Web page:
Communities living with chronic environmental contamination: Leveraging interdisciplinarity to address environmental justice issues
AffiliationDepartment of Psychology, University of Arizona
MetadataShow full item record
PublisherAmerican Psychological Association (APA)
CitationSchmitt, H. J., & Sullivan, D. (2022). Communities Living With Chronic Environmental Contamination: Leveraging Interdisciplinarity to Address Environmental Justice Issues. Translational Issues in Psychological Science.
Rights© 2022 American Psychological Association.
Collection InformationThis item from the UA Faculty Publications collection is made available by the University of Arizona with support from the University of Arizona Libraries. If you have questions, please contact us at email@example.com.
AbstractThe experience of long-term exposure to environmental contaminants, or chronic environmental contamination (CEC), is an increasingly common environmental hazard with deleterious physical and mental health outcomes. CEC is also an environmental justice issue, as communities of color and low-income communities disproportionately face such hazards. Research on environmental issues in psychology has largely focused on acute hazards such as natural disasters, and on abstract hazards such as climate change. While there has been limited research on more intermediate hazards like CEC in psychology, we assert that psychological methods and theories have much to add to interdisciplinary collaborations concerning stress, resilience, and collective action in the context of CEC. In the present paper, we first situate CEC relative to other environmental hazards that have received more attention in psychology. We then review literature on the psychological health impacts of CEC, as well as relevant disparities in negative outcomes associated with CEC. We then recommend ways for psychological researchers to engage in interdisciplinary and community-based participatory research on this topic. We finish with suggested future directions for research that documents and intervenes on the impacts of CEC using psychologically informed interdisciplinary research.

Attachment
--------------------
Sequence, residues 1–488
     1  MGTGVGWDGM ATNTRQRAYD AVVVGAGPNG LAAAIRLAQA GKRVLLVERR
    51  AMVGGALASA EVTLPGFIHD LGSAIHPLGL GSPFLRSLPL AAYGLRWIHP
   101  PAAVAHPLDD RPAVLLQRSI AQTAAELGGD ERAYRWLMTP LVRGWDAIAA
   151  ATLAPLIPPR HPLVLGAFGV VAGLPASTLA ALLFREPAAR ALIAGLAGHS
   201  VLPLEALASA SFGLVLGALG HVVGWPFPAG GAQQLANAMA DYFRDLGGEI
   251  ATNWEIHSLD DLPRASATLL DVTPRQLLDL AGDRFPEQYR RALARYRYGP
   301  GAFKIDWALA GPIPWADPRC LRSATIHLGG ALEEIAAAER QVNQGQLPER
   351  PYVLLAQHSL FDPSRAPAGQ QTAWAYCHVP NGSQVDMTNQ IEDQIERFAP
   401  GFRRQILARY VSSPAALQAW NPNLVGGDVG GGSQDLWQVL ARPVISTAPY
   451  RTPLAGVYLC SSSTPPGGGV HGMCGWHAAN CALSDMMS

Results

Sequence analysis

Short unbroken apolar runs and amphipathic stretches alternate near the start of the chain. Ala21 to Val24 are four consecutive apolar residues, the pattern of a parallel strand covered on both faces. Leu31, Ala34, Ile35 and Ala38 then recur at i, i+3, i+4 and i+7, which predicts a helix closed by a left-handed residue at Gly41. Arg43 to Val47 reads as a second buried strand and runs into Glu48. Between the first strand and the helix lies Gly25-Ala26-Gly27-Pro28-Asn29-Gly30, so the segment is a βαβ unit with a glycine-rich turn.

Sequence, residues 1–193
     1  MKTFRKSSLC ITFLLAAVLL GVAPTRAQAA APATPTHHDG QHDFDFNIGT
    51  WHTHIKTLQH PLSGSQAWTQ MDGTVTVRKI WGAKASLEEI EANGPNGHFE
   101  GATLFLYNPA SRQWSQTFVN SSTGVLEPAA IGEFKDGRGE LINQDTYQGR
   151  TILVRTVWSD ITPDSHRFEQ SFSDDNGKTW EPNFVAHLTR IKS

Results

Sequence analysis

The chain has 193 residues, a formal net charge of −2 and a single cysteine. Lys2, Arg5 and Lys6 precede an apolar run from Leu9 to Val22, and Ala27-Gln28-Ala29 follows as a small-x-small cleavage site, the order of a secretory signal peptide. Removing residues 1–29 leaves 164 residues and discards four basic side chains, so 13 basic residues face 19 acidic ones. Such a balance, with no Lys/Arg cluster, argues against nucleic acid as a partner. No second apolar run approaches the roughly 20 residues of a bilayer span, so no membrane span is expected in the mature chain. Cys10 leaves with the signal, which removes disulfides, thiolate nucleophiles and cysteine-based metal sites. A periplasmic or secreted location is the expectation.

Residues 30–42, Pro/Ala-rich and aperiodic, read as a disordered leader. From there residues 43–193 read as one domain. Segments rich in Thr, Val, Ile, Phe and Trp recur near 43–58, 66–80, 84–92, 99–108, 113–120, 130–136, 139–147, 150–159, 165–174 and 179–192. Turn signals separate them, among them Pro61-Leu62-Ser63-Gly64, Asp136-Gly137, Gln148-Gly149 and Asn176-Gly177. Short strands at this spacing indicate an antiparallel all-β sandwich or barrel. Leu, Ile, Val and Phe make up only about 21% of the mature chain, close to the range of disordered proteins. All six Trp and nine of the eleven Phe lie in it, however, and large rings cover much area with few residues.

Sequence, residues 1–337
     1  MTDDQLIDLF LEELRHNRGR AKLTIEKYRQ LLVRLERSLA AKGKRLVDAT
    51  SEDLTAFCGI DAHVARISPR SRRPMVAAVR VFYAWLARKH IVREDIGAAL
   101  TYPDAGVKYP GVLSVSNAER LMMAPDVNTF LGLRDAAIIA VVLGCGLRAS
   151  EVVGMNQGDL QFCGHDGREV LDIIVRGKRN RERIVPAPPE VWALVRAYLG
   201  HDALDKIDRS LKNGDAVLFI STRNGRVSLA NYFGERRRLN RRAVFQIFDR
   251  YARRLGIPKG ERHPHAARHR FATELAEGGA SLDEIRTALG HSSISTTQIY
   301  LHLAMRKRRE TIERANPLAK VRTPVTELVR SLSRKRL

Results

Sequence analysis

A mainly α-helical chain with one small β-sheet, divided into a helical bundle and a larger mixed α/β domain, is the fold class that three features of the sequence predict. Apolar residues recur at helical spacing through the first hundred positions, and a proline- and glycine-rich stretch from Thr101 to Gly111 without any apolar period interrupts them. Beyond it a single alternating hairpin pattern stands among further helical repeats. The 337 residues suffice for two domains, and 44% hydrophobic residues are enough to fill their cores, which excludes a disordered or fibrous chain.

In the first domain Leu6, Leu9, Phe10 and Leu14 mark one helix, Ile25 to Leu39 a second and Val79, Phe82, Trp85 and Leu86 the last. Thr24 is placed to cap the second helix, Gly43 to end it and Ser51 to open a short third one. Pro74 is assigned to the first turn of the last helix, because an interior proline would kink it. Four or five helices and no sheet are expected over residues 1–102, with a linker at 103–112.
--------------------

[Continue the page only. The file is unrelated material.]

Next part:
VersionFinal accepted manuscript